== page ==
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A method and article are provided for batch processing of a plurality of MEMS dice. The MEMS dice are secured in a holder having multiple stations adapted to secure a MEMS die. A process step is then performed on the plurality of MEMS dice while they are secured in the holder and may be performed simultaneously on all of the MEMS dice secured in the holder.

Inventor: Joseph Roberts
Original Assignee: PTS Corporation


This application relates generally to processing microelectromechanical systems (MEMS), and more particularly to postprocessing of MEMS dice.

In recent years, increasing emphasis has been made on the development of techniques for producing microscopic systems that may be tailored to have specifically desired electrical and/or mechanical properties. Such systems are generically described as microelectromechanical systems (MEMS) and are desirable because they may be constructed with considerable versatility despite their very small size. Much of the development of MEMS processes has taken advantage of developments in the semiconductor processing industry, although there are significant differences.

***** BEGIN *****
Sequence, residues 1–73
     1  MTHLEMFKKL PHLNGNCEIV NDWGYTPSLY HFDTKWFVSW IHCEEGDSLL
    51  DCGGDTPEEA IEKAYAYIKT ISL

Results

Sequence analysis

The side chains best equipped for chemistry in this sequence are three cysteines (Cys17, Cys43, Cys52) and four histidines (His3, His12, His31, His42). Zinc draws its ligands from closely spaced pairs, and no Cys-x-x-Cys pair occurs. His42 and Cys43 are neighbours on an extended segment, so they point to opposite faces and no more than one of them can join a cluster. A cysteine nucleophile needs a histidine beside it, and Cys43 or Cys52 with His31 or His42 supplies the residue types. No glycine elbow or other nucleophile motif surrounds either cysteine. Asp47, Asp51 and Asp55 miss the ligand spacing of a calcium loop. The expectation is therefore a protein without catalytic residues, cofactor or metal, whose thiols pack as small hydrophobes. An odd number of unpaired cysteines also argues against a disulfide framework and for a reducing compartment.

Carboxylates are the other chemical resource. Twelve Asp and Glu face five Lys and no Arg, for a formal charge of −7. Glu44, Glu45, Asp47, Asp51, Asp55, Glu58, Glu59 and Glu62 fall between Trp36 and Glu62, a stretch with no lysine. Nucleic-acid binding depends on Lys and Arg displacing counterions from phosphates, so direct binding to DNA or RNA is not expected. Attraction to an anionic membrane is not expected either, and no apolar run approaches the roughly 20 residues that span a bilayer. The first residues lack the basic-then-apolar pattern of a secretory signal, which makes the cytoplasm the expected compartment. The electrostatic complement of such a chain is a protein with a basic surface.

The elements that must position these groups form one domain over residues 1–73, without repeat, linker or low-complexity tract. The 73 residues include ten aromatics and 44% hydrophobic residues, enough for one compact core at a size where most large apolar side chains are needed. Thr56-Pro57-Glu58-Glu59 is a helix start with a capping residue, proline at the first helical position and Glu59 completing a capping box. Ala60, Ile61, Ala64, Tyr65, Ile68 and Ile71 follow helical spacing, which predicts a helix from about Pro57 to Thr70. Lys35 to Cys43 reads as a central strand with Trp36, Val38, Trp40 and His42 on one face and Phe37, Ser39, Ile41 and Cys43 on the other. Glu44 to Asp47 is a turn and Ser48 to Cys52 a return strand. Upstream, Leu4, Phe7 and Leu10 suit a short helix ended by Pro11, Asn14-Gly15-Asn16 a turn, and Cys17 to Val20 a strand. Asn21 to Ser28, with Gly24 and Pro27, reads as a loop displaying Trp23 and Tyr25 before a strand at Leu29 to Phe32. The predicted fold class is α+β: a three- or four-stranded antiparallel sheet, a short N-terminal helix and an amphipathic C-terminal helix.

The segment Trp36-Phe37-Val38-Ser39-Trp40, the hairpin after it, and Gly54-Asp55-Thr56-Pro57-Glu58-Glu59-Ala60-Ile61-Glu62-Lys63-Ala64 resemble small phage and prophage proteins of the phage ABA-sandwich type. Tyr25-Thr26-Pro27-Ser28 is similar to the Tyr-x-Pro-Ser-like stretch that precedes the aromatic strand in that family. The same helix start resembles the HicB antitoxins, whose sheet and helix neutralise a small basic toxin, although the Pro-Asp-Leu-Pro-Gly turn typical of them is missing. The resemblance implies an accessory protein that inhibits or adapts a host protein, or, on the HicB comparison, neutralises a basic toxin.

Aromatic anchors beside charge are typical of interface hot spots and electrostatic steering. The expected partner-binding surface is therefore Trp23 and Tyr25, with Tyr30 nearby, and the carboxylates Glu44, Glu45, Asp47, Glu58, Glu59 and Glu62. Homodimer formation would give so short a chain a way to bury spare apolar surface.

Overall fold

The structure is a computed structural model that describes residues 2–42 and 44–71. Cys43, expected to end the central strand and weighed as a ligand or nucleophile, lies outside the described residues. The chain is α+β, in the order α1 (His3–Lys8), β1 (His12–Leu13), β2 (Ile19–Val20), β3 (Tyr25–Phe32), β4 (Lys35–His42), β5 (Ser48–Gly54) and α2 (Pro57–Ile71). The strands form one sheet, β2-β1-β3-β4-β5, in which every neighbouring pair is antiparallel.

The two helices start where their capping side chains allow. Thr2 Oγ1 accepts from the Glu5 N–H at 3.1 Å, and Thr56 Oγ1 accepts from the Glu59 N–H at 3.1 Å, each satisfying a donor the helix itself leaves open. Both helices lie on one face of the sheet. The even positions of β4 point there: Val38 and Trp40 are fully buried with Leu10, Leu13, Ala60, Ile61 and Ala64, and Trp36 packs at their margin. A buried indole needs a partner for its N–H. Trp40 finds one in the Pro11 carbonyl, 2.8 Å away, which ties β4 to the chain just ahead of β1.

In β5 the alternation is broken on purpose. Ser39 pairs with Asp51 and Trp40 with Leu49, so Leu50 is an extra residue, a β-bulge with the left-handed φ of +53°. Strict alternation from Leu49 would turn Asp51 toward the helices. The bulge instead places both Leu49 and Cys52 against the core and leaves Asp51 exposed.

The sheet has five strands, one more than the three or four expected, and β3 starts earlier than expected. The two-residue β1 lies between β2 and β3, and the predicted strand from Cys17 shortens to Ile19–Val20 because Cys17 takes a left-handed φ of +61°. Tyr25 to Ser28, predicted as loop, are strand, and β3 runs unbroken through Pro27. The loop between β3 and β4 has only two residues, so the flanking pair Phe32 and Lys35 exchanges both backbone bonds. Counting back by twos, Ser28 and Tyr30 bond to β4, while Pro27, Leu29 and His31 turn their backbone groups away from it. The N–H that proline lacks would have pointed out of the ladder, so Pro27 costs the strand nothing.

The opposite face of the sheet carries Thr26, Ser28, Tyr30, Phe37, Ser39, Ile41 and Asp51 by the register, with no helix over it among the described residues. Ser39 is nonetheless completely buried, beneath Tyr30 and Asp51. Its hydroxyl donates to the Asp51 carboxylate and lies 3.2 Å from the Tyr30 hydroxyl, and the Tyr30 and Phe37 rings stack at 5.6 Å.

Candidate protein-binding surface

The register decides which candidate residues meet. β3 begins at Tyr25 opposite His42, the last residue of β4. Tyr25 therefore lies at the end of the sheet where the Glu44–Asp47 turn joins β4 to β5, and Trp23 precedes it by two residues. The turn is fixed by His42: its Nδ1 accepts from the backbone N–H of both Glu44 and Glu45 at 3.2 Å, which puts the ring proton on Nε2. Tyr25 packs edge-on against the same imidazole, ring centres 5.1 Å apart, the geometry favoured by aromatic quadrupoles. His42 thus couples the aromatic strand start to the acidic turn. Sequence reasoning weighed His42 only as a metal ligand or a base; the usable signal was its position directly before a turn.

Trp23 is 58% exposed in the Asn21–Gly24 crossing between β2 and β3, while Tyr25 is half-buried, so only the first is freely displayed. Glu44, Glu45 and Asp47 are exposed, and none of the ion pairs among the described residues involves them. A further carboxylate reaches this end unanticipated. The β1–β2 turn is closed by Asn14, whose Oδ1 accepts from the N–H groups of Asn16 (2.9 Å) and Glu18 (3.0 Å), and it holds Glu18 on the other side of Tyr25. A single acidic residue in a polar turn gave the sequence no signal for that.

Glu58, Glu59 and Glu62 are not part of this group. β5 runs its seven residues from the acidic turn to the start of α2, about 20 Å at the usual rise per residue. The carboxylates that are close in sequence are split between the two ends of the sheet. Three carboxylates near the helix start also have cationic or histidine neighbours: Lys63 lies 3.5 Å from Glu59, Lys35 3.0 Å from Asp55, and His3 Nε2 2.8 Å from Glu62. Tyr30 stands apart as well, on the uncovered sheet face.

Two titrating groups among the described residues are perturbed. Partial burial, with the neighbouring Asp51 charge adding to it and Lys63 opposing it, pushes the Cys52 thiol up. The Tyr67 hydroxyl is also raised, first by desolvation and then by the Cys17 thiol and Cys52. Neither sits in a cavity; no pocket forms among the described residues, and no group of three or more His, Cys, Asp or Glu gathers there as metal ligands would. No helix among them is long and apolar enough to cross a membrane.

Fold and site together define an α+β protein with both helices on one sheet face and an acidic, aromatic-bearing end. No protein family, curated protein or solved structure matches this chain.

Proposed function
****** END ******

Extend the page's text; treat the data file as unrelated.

One difference is that semiconductor processing is typically performed on the scale of wafers. In particular, semiconductor devices are typically formed by a series of deposition and etching steps on a silicon wafer having a diameter of 100 mm, 200 mm, or 300 mm. Many devices are thus formed simultaneously with a single wafer so that economies can be realized from the batch processing. By contrast, in MEMS processing, only a portion of the process is performed at the wafer scale. A MEMS device is formed through initially depositing structural and sacrificial layers on a wafer, both of which may be etched in specific ways as part of the process. Subsequently, the structures are diced using a 75- to 250-m-wide diamond or carbide saw blade and the MEMS devices are released through immersion in a substance corrosive to the sacrificial layers. Typically the sacrificial layers are formed of silicon oxide, which is dissolved through immersion of individual dice in hydrofluoric acid (HF). Each die, after immersion in hydrofluoric acid, is then rinsed, for example in a bath of deionized water. Because these processes are performed individually, MEMS processing does not realize the same economies of scale available in semiconductor processing. Additionally, since the release and rinses are typically performed by holding an individual die with tweezers, there is a significant risk of accidental damage to the delicate device.